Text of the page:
RBI hints at CRR cut as liquidity remains tight

Ruling out any immediate action, RBI deputy governor Subir Gokarn said there is no change in his earlier statements that if another round of CRR reduction were to happen, it can happen in the policy statement itself and not midway

Mumbai: Reserve Bank of India (RBI) deputy governor Subir Gokarn today said the apex bank will 'consider' a further cut in the cash reserve ratio (CRR) if the systemic liquidity conditions continue to be tight, reports PTI.

"To the extent that an opportunity is available for CRR (which is the percentage of deposits banks have to keep with the central bank,) cut further, we will also consider that," Mr Gokarn, who oversees the monetary policy function at the RBI, told reporters here.

But ruling out any immediate action, he said there is no change in his earlier statements that if another round of CRR reduction were to happen, it can happen in the policy statement itself and not midway.

The mid-quarter review of the monetary policy is scheduled for 15th March and it is widely expected that one more CRR cut could be on the anvil.

Mr Gokarn has been maintaining that a reduction in CRR is a much broader decision which is addressed in the policy rather than the bond buybacks (Open Market Operations) that the central bank has been announcing and carrying out almost on a weekly basis to inject liquidity in the system.

Alarmed by the liquidity deficit, which had banks borrowing up to Rs1.20 lakh crore through the overnight window or the LAF, RBI had cut the CRR by 0.50% in the 24th January policy review to 5.50% but kept the overnight lending rate unchanged, thus maintaining its anti-inflationary stance intact.

However, in spite of the cut which infused about Rs32,000 crore into the system, banks borrowing stood at over Rs1 lakh crore from the LAF (liquidity adjustment facility) corridor, much above the RBI's stated liquidity deficit comfort zone of Rs60,000 crore.

"The issue is in terms of number in the LAF borrowing we have seen as that is an indication of persistent tightness," Mr Gokarn said, adding RBI will continue using the OMO option, through which it has injected over Rs90,000 crore into the system this fiscal, if it feels the need.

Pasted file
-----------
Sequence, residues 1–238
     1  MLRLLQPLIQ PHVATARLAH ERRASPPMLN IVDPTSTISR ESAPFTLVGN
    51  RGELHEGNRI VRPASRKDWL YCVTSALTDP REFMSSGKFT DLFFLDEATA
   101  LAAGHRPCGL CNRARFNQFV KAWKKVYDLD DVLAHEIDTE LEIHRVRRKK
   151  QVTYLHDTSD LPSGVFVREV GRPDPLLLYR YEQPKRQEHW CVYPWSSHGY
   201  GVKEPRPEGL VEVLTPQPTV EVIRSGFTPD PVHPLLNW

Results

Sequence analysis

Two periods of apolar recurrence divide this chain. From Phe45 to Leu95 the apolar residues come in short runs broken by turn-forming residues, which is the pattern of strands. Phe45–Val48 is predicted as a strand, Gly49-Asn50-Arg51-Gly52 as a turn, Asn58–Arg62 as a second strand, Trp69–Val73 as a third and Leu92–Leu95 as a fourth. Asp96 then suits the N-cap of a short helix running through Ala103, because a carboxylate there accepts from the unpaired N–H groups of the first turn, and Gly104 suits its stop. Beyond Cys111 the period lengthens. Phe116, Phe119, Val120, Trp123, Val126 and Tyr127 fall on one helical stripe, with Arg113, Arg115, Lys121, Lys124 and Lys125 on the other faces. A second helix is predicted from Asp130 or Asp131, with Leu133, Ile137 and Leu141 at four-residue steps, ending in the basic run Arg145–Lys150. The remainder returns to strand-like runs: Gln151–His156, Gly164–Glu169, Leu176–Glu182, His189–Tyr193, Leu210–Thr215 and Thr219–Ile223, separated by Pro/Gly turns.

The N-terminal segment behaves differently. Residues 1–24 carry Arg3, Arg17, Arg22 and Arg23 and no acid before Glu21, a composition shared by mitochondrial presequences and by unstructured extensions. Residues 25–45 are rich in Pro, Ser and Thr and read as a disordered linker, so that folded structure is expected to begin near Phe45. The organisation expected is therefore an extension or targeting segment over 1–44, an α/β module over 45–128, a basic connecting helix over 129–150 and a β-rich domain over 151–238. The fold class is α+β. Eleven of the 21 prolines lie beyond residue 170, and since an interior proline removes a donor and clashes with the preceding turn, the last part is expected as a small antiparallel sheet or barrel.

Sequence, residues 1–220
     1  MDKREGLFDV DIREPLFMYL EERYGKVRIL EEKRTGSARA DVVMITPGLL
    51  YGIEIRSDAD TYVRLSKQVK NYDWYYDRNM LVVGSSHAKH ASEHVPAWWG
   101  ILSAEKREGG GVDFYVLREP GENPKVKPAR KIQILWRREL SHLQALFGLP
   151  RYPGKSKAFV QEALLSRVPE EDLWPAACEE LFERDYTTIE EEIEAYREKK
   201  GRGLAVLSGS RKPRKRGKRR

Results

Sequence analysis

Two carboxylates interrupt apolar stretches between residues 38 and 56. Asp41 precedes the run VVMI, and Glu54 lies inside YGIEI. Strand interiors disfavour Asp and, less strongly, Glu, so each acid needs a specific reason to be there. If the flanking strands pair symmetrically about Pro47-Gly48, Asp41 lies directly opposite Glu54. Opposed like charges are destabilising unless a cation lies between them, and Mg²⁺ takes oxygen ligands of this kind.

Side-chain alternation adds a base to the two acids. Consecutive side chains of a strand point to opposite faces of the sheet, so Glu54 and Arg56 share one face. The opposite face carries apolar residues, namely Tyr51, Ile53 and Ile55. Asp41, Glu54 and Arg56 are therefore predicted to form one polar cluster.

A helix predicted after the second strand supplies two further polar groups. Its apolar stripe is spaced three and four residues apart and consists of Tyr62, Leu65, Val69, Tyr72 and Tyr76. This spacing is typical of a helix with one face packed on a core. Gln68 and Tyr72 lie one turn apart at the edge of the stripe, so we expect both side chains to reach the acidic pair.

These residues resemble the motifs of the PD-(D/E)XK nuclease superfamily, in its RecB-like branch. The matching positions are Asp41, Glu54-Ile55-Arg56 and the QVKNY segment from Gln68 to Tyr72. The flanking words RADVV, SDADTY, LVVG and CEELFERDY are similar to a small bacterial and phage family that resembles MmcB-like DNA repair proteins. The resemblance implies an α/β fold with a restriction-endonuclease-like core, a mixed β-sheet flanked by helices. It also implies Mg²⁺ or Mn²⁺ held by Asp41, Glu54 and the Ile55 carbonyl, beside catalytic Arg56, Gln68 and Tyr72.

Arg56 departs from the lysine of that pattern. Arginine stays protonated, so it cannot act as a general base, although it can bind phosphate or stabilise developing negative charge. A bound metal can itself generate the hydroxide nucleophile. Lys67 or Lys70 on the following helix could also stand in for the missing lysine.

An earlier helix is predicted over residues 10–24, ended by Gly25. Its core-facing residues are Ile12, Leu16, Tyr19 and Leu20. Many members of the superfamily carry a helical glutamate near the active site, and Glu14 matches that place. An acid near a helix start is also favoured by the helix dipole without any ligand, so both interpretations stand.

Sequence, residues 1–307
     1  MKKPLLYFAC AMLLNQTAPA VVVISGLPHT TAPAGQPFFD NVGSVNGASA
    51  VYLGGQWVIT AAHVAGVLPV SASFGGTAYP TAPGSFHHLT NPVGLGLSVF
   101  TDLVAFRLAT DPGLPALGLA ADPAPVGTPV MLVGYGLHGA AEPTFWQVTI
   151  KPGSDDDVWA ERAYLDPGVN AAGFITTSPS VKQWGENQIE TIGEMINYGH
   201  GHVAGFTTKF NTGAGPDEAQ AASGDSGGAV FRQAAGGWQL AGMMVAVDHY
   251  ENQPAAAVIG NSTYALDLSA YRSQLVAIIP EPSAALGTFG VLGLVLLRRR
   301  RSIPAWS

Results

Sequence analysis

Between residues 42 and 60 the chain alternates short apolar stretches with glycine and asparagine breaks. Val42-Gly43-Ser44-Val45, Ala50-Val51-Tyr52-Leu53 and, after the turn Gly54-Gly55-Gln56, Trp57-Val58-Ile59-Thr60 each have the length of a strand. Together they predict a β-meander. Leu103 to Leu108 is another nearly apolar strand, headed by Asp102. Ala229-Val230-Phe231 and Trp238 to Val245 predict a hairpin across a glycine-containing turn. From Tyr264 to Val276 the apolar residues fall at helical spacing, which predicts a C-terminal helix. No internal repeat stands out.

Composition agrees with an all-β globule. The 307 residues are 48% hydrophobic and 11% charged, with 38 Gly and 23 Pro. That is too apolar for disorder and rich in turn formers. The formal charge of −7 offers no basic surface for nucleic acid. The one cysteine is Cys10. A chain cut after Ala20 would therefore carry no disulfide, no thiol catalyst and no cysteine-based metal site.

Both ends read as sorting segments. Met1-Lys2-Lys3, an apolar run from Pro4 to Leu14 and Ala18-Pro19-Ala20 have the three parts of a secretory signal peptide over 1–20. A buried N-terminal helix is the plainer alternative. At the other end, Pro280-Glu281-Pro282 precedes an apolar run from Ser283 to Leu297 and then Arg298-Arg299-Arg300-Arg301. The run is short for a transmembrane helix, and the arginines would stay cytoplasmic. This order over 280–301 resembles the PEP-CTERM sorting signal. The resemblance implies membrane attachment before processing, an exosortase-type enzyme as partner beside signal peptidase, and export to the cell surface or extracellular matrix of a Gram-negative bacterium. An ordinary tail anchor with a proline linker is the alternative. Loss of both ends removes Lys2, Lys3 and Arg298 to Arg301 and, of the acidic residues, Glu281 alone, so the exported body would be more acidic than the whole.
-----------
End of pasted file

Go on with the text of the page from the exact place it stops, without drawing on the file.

He, however, said the situation is very dynamic and that the central bank will not make any commitment by announcing an OMO calendar.

On the inflation situation, Mr Gokarn said newer issues have emerged as the crude prices have gone up in the recent past following the Iranian crisis.

He said Brent crude prices, which accounts for two-thirds of the country's imports, have moved up to $120 a barrel, a nine-month high, as against the RBI's baseline assumption of $110 and said it will continue monitoring the number.

However, the recent appreciation of the rupee is helping as it offsets the impact of rising crude prices, he added.


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Hot pursuit in Hong Kong—from the investigators’ files (Part 2)

A conflict of interest situation arises when the private interest of a public servant competes with or is in conflict with the interest of the government or his public duties. This sort of thing happens in India every day. Lokayukta is the only solution

In 1998, the Independent Commission against Coruption of Kong Kong received a tip-off about the chief property manager of the Government Property Agency (GPA). The manager had, it seemed, received a big bribe from a property management company for improperly awarding it government contracts valued at over HK$100 million. An investigation was subsequently mounted.

It emerged that another $10 million management contract had been awarded to a company called Onclever. The company had got most of the department's short-term contracts. The investigators found it strange that such a small company without much management experience could get contracts time and time again.

Between 1994 and 1996, the GPA had progressively outsourced the day-to-day management of quarter units and joint-user office buildings to private property management companies. The outsourcing was done using management contracts awarded by "open tendering", "quotation contracts" or "pre-qualified tendering".

ICAC investigations revealed that between 1994 and 1998, Onclever, a medium-sized security company had, through the strong recommendation of a chief property manager, obtained the following from from GPA:
Pre-qualification; two management contracts valued at over $100 million; over 90% of the short-term contracts valued at some $13 million in total.

Did the company deserve to be awarded these contracts or was there a secret behind it all?

In August 1994, the Central Tender Board (CTB) of the Hong Kong government granted approval to GPA to invite companies interested in tendering for management contracts of government properties to take part in a qualification assessment exercise. Pre-qualified companies would then have a chance to bid for eight three-year high-value management contracts which GPA would let out later.

To qualify, GPA requires an applicant company to possess at least five years' experience in property management.